When Jim Henson was working for WRC-TV in the States, he created a puppet show which was the forerunner to the Muppets. During this time, he began to investigate methods of improving the puppet detail in terms of ‘life and sensitivity’. Many puppets at this time were made of carved wood and were, well - wooden! Jim Henson looked into the puppet materials, as well as methods of manipulation and he began to produce puppets from flexible, fabric covered foam rubber.
Many years after this he had developed the Muppets for a weekly television show but the show was rejected by American TV networks. The famous Lew Grade, impresario and managing director of ATV and its US subsidiary ITC financed the show. At this, Jim Henson moved his whole creative team to England. The first episodes of The Muppets were aired in 1976. As the Muppet and puppet development continued, Jim Henson’s Creature Shop team purchased coloured Plastazote foam sheeting from Polyformes to utilise within the workshop for the Muppets. Because the Plastazote can be cut, sewn or formed to hold its shape, it was used, amongst other areas, for the internal mechanics and animation servos which could be housed in the formed hollows.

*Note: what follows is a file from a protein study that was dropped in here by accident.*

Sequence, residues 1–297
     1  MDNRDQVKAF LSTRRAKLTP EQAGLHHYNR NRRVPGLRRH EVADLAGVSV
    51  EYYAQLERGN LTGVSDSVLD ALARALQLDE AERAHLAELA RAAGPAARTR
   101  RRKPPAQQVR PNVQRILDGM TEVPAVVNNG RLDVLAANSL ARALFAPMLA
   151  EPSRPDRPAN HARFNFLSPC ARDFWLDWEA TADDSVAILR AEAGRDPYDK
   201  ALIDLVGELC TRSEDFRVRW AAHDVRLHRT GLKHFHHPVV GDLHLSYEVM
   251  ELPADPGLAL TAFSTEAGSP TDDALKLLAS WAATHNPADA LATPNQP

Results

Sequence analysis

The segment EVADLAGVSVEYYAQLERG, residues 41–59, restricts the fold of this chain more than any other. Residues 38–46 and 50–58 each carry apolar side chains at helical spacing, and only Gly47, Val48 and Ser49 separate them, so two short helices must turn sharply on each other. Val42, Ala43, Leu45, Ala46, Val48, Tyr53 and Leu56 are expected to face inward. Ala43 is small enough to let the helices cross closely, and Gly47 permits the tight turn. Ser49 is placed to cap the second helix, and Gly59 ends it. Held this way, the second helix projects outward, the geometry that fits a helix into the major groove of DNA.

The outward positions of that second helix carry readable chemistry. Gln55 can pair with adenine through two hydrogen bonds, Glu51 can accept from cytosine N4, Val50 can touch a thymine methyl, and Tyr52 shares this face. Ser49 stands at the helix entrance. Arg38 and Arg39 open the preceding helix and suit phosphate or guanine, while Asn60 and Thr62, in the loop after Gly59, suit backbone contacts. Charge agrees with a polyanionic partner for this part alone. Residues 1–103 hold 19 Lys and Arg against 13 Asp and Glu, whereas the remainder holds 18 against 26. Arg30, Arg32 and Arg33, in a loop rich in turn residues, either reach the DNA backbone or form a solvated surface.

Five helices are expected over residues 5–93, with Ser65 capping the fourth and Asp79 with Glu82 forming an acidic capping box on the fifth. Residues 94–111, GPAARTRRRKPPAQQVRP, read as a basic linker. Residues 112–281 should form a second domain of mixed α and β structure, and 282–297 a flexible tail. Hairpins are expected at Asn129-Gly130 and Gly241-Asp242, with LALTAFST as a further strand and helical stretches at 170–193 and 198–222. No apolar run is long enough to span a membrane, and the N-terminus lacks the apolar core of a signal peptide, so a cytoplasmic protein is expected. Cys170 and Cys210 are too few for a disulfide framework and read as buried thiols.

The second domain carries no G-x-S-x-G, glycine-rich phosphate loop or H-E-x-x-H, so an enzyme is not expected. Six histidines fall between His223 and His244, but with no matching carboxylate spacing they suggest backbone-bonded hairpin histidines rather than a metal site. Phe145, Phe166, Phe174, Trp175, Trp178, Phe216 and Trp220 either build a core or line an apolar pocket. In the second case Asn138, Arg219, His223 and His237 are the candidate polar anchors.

It was the Creature Shop too who helped produce some of the fabulous models and costumes in the 2009 Spike Jonze film ‘Where the Wild Things Are’. Plastazote was also used in some of these as part of the very involved body suits. Plastazote was used in the Celebrity Big Brother TV show when a Sushi costume was worn by Gareth Thomas, The seaweed wrap was Plastazote as were the prawns!